Associated Press has reported that Conrad Murray has appealed against his involuntary manslaughter conviction, and claims that there were multiple legal errors at his trial.
Valerie Wass, Murray’s lawyer, argued in the 230-page appellate brief, that there was insufficient proof that Michael died of an overdose of the anesthetic propofol administered by Murray, despite the findings in Michael’s autopsy report.
She also said that because of Michael’s fame, his doctor was used as an example by the judge who sentenced him to the highest term for involuntary manslaughter. She suggested that even if his conviction is upheld, his four-year sentence should be reduced! Murray is eligible for release in October after serving half his sentence.
The appeal also reiterated a defense claim that Michael have administered the overdose to himself, (in spite of the fact that his fingerprints were not found on any of the pieces of equipment at the scene.)
Murray’s two-month trial in 2011 drew wide media coverage, and Wass argued that the judge should have excluded TV cameras from the courtroom and granted a motion to sequester jurors to keep them insulated from publicity.
“The unprecedented fame of the alleged victim combined with the pervasiveness of modern media rendered it impossible for appellant to receive a fair trial with a non-sequestered jury in a case that was televised and streamed live around the world,” the appeal said.
Superior Court Judge Michael Pastor had denied the defense motion, saying jurors who are sequestered often feel like prisoners and it interferes with their decision-making process. He instructed jurors daily to avoid publicity, and there was no indication that they violated the order.
The appeal also challenged the prosecution theory that Michael was hooked up to an IV drip of propofol and left alone in his bedroom by Murray.
It called that scenario “absurd, improbable and unbelievable,” and provided an exhaustive reprise of scientific testimony about Michael’s death. Murray told police he gave the singer an extremely small dose of propofol, a fact contradicted by scientists who reconstructed the events preceding the death. It was also contradicted by the autopsy report, which showed that every test performed by the coroner showed massive amounts of Propofol present.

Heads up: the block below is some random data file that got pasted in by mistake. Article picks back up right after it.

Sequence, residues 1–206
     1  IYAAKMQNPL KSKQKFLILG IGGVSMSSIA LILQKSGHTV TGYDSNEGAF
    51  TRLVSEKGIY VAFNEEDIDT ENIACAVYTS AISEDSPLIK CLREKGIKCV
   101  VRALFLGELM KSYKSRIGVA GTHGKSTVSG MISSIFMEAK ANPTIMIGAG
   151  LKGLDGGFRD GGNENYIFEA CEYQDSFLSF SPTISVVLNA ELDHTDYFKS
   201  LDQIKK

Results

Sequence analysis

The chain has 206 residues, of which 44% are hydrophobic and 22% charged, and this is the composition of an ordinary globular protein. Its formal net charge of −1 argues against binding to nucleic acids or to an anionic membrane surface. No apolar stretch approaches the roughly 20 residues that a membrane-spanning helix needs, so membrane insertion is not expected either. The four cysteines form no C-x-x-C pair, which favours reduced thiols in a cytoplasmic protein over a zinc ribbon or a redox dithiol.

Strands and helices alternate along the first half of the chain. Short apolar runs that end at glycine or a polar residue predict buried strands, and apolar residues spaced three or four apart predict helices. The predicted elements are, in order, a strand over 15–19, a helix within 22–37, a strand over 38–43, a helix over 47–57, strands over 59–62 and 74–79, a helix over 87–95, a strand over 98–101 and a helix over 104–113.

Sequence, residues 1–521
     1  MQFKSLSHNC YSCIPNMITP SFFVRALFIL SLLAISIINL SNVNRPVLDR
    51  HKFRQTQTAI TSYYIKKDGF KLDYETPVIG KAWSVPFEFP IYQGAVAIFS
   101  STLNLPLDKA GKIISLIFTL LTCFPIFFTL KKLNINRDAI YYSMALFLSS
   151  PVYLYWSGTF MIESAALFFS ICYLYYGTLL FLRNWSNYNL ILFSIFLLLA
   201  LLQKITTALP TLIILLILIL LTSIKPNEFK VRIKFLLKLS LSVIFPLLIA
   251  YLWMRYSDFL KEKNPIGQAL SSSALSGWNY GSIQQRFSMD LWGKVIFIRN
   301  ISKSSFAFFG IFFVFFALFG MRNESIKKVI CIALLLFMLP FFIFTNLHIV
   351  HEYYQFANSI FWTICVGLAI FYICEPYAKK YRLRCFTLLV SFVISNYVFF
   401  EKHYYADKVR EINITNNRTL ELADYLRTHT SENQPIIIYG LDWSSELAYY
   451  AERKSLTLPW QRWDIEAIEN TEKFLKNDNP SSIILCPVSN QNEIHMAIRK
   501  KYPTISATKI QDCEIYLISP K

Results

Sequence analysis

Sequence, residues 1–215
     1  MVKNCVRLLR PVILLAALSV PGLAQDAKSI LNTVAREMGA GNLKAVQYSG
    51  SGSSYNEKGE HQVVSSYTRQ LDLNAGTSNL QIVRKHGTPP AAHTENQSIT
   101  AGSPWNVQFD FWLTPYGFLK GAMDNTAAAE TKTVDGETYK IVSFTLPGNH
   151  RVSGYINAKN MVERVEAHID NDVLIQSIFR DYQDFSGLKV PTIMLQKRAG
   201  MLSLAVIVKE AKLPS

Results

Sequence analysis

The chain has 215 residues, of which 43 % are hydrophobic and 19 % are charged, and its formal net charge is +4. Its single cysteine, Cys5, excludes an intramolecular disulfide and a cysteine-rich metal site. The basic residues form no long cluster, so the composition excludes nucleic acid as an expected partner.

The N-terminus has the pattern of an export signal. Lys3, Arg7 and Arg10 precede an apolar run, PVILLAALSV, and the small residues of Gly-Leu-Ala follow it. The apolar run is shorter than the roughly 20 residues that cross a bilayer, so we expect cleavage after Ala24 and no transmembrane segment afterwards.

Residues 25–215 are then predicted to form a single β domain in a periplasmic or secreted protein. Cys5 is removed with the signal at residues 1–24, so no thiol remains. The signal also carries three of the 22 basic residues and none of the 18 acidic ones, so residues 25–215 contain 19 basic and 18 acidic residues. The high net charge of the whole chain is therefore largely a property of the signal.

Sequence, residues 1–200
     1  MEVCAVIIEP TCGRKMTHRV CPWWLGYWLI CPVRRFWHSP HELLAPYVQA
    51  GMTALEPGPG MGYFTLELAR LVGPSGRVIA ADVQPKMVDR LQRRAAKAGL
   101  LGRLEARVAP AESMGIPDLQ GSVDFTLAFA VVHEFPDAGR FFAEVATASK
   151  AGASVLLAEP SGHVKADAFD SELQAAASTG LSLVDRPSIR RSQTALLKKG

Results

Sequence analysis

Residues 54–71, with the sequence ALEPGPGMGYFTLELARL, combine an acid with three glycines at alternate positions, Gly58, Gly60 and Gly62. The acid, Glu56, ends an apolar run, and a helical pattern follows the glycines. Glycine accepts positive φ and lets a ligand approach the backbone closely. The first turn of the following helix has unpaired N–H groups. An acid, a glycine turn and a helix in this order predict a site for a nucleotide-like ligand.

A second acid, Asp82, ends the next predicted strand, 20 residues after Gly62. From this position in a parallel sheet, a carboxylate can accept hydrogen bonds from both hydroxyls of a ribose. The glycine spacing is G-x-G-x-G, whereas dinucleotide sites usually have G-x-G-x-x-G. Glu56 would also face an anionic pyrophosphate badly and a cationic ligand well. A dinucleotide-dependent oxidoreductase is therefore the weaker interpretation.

Wass contended that one defense attorney, Michael Flanagan, failed to adequately cross-examine a scientist who testified to that issue. She said he and other lawyers also waited too long to ask for examination of residue in a propofol bottle found in Michael’s room. Their motion was filed 11 days after conviction and was denied.
The appeal faulted the judge for refusing to admit as evidence some of Michael’s previous medical records, his contract with concert promoter AEG, and his financial documents.
“The trial court abused its discretion by excluding all evidence of Jackson’s financial condition, including lawsuits pending against him because such evidence was relevant to establish Jackson’s state of mind on the day he died, which may have explained his conduct that morning and supported the defense theory of the case,” the appeal said.
The attorney general’s office, representing the prosecution, has 30 days to respond to the appeal. Wass then has another 20 days for her response.
She said the outcome of the appellate case could have some impact on pending medical board proceedings for Murray in Texas and California. The boards will decide whether to revoke Murray’s license to practice medicine in the two states.
Meanwhile, Murray may be summoned to testify in a civil lawsuit filed against AEG by Michael’s mother, Katherine. Jury selection in that case is currently underway. She claims the concert promoter was negligent in hiring Murray to care for the singer. He has however indicated that he will refuse to testify on the grounds of the Fifth Amendment, as he does not wish to incriminate himself before his appeal is heard.